By DAVID RAINER, Alabama Department of Conservation and Natural Resources
If you want to learn how to fish or increase your skills, be on the lookout for the “Go Fish, Alabama!” trailer that will be traveling Alabama’s roads and highways this summer on the way to numerous fishing destinations.
The “Go Fish, Alabama!” program holds fishing events in areas like Public Fishing Lakes (PFLs), state parks and local lakes in or near metropolitan areas.
Last Saturday’s destination was Bibb County PFL in Walter Owens Park near West Blocton. More than a dozen adults and children signed up for the event on the picturesque 100-acre lake with bass, crappie, bream and catfish. Several attendees found out about the event when the “Go Fish, Alabama!” trailer was set up at the Academy Sports + Outdoors location in Tuscaloosa on Friday.
Kasie McKee of the Alabama Wildlife and Freshwater Fisheries (WFF) Division welcomed the participants and explained how “Go Fish, Alabama!” provides the knowledge to advance fish and wildlife conservation across Alabama.
“This program will not only teach you how to fish, but also how fishing and conservation go hand in hand,” McKee said. “By purchasing a fishing license, you become an active participant in conservation before ever stepping foot outdoors. Your fishing license and purchases of fishing equipment and boat fuel provide funds for conservation efforts across Alabama. These funds are critical to ongoing education, research, and management of Alabama’s aquatic resources and providing funds for boating access. The Sport Fish Restoration Program is one of the most successful user-pay, user-benefits programs.”
Other than fishing, the program attendees were provided instruction in ethics, safe fishing and regulations by Conservation Enforcement Officer Brandon Holloway, who explained that ethical anglers only keep the fish they need and do not waste fish. He said anglers should properly dispose of trash and excess bait, follow all applicable laws and regulations, practice safe angling and boating, respect the rights of other anglers and support conservation by purchasing a fishing license.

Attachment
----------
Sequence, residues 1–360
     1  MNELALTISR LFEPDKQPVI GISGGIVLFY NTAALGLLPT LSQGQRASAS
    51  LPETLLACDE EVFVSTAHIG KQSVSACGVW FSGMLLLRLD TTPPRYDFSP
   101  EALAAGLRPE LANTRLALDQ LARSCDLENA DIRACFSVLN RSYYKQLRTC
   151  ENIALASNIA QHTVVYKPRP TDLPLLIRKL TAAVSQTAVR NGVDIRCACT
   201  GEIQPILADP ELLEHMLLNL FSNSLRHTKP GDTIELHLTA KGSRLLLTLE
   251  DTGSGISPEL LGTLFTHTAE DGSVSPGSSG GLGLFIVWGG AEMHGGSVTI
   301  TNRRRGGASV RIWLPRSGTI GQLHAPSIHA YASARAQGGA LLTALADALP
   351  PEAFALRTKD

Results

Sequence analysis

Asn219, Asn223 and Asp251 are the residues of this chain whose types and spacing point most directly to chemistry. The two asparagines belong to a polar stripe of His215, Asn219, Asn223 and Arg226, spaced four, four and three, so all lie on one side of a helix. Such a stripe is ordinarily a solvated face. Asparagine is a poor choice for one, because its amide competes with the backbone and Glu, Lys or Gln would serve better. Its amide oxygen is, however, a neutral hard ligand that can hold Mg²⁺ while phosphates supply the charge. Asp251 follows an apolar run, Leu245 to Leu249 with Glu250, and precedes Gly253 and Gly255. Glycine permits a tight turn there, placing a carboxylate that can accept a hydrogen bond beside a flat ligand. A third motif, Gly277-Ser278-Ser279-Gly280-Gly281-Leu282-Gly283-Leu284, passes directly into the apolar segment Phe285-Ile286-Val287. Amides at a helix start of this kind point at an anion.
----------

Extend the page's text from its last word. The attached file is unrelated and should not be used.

Holloway covered the basics of safe fishing – always tell someone your fishing plans and time of return, keep a close eye on the weather, be careful around sharp hooks and other fishing tackle, and be sure to bring along the essentials like sunglasses, water, sunscreen, cellphone and personal flotation devices (PFD). Attendees were provided a copy of the Alabama Hunting & Fishing Digest for easy access to fish identification, daily length and creel limits.
Next on the agenda was a Basic Tackle and Equipment 101 class taught by the WFF staff, which included Nathan Aycock and James and Blake Bamberg, who explained the differences of spincast, spinning and baitcasting reels. They covered rod lengths, weights and different rod configurations. For beginners, the spincast reel is the easiest to use, but, as new anglers’ skills increase, the spinning and baitcasting reels can be used to target specific species of fish. The WFF team discussed casting methods that included safe casting by always looking behind you before you cast. They went over setting the drag on your reel as well as how to sweep the rod to set the hook. Attendees learned about how to tie a fishing knot, choose hook sizes to match the species and bring other tackle needed for a fun day of fishing.